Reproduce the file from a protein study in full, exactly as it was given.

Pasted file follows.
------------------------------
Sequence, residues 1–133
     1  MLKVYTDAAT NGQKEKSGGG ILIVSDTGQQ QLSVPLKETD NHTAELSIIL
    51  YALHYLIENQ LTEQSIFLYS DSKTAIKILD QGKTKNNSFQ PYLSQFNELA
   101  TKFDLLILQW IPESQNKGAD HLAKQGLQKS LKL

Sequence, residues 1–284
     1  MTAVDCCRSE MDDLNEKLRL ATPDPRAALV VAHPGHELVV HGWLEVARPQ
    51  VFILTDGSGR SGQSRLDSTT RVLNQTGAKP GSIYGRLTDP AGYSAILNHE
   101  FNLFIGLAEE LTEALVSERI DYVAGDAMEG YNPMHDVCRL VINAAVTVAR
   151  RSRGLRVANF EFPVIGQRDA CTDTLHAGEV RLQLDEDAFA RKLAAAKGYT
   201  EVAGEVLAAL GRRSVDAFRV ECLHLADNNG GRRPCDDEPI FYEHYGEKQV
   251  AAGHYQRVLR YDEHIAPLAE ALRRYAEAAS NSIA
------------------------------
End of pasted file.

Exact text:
Sequence, residues 1–133
     1  MLKVYTDAAT NGQKEKSGGG ILIVSDTGQQ QLSVPLKETD NHTAELSIIL
    51  YALHYLIENQ LTEQSIFLYS DSKTAIKILD QGKTKNNSFQ PYLSQFNELA
   101  TKFDLLILQW IPESQNKGAD HLAKQGLQKS LKL

Sequence, residues 1–284
     1  MTAVDCCRSE MDDLNEKLRL ATPDPRAALV VAHPGHELVV HGWLEVARPQ
    51  VFILTDGSGR SGQSRLDSTT RVLNQTGAKP GSIYGRLTDP AGYSAILNHE
   101  FNLFIGLAEE LTEALVSERI DYVAGDAMEG YNPMHDVCRL VINAAVTVAR
   151  RSRGLRVANF EFPVIGQRDA CTDTLHAGEV RLQLDEDAFA RKLAAAKGYT
   201  EVAGEVLAAL GRRSVDAFRV ECLHLADNNG GRRPCDDEPI FYEHYGEKQV
   251  AAGHYQRVLR YDEHIAPLAE ALRRYAEAAS NSIA